Yet, contestations for space are, by definition, always ongoing. Thus, gains and losses are hardly ever permanent, with strategic positionality always subject to the thrust and parry of local, regional and, increasingly, transnational political, cultural and economic forces. Current developments in various parts of Africa provide a vivid illustration of this complex. They create a backdrop for much needed reflection on the current history of space, spaces and space-making in African contexts. Moreover, because of the external normative characteristics of much research on the continent, they also invite a more careful examination of the endogenous nature of civil society and civic agency. 

It is against this background that we invite papers that attempt to deepen scholarly understanding of African civil spaces in their cultural, social, demographic, economic and political pluralities and particularities. Original, conceptual or empirically-grounded contributions are welcome from a variety of social-oriented disciplines – including, but not limited to: history, sociology, economics, demography, geography, cultural studies, literature, and political science.

Papers may be guided by the following questions, though creative subversions are strongly encouraged:  What characterizes civil spaces in Africa?  What, if anything, is distinctive about such spaces?  How have spaces metamorphosed within globalizing geo-political movements and dominant economic processes? How have these forces encouraged or thwarted the production of governable and/or ungovernable spaces across the continent? How can we understand fundamental and emergent forms of civic mobilizing – in primary associational life, in social movements, in mutuality, in charity, in philanthropy?  How do we measure their presence and effectiveness on the social landscape? What are forms and contours of the new spaces of assertion dominated by anti-state forces? How do we account for their emergence against the background of state retrenchment? In what ways do virtual and material spaces interact, and how do they reinforce or contradict one another? What are the implications of the virtualization of politics for the understanding of state praxis and citizenship? What roles are women, underprivileged and oppressed groups playing in the marking and delimitation of new socio-economic and political spaces? How do new forms of sociality enable us to comprehend the distinctions between private and public spaces, and how tenable are those distinctions?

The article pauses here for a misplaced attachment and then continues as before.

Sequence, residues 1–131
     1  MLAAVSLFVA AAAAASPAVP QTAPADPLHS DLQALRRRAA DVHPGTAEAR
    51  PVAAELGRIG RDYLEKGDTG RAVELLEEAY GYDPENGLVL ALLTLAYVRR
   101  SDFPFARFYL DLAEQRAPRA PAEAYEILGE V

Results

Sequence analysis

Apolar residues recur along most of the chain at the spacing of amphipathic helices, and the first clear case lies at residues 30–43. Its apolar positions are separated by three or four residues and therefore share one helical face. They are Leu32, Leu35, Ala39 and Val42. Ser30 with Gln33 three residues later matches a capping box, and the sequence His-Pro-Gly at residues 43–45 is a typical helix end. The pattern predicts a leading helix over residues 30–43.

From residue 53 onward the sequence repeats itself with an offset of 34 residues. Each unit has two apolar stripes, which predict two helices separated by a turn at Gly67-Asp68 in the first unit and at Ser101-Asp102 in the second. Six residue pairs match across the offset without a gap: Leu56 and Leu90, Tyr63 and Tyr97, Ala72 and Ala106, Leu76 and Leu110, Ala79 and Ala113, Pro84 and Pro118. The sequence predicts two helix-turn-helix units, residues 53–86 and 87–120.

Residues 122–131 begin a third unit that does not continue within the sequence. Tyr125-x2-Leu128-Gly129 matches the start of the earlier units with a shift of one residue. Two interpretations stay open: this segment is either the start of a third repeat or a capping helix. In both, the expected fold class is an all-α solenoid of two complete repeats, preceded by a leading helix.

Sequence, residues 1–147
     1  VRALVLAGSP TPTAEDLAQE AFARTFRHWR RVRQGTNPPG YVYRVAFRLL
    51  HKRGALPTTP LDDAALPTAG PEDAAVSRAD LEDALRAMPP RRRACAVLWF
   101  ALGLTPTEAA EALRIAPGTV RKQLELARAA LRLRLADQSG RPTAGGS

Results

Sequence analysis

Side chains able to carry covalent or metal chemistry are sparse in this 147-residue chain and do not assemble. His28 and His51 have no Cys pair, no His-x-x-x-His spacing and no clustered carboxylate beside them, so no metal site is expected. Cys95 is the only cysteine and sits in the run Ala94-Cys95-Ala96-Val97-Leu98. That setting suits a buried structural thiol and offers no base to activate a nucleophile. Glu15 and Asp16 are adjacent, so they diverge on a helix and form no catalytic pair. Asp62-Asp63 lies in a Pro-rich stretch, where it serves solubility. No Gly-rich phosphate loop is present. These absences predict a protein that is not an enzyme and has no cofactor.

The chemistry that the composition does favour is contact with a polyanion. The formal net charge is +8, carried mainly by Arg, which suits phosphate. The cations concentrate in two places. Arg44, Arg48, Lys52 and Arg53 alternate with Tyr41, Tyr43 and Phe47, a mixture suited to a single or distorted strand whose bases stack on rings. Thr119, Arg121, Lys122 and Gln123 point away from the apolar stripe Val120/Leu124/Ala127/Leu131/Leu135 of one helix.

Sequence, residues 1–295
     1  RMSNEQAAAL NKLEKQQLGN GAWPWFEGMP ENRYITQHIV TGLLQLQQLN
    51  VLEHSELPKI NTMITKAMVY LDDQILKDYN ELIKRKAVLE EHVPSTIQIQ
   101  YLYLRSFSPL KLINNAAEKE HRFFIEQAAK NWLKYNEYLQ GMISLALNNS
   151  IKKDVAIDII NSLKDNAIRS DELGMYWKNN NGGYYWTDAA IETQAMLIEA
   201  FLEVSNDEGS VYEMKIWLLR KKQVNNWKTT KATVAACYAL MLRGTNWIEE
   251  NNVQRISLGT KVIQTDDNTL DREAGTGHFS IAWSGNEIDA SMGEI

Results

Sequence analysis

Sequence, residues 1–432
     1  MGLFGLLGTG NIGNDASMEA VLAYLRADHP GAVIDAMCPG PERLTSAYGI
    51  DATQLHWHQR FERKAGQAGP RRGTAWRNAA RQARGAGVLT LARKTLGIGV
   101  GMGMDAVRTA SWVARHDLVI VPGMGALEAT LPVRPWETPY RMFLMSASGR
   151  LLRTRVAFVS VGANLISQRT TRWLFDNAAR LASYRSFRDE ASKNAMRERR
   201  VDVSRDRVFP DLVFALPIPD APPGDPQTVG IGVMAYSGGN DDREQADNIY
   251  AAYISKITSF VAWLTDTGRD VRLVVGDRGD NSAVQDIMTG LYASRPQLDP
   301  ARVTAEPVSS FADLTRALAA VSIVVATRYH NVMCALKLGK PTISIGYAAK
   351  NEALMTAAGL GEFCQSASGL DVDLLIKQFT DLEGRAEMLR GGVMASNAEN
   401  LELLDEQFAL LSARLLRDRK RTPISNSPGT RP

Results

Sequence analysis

Paper abstracts (maximum 500 words) should be sent to:

 Prof Ebenezer Obadare

Department of Sociology

Kansas University 

Please also provide contact details (at least an email address and telephone number) and your institutional affiliation.

 DEADLINE:  28 February 2011

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ESRA Conference 2011 Call for Paper Proposals

Posted by civilsocietyindex on December 9, 2010

The Department of Sociology (University of Heidelberg), the Centre for Social Investment (Heidelberg), and CIVICUS World Alliance for Citizen Partizipation (Johannesburg) are organizing a panel on:

 “The Civil Society Index as a tool for cross-national comparisons.

Methodological issues and substantive applications”

within the context of the 4th Conference of the European Survey Research Association (ESRA), which will take place in Lausanne, Switzerland, on 18-22 July 2011.

The proposed panel will focus on the CIVICUS Civil Society Index (CSI) as one specific tool for assessing civil society cross-nationally. Between 2003 and 2006, the CSI was implemented in over 50 countries worldwide. In 2008 the project’s methodology was further strengthened to allow for comparative analysis, and data from the current project phase (2008-2010) is available for 21 countries. The CSI uses a multilevel and multimethod approach, combining various tools to measure different dimensions (Civic Engagement, Level of Organisation, Practice of Values, Perceived Impact, External Environment) and levels of civil society engagement (micro, meso, macro). A population survey assesses the extent and the intensity of engagement of individuals in civil society. An organizational survey analyzes the structure, policies and practices of NGOs and other organized expressions of civil society. An expert survey, combined with a series of in-depth interviews with government officials, the media and other stakeholders, aims to get an external assessment on the impact of civil society in society at large. Currently, CIVICUS is developing a database to publish the data of the CSI on the Internet.

We are inviting papers presenting substantive applications of the CSI from different world regions as well as analyses of innovative methodological approaches and challenges. The aim of the session is to assess the current state of measurement applications based on the CSI and to discuss potential improvements. The best papers will be featured in one of the upcoming volumes of the “CIVICUS Study of Civil Society around the World” book series, which we are currently establishing. For scholars with a promising outline, we will be able to provide exclusive access to the full CSI data (currently under embargo).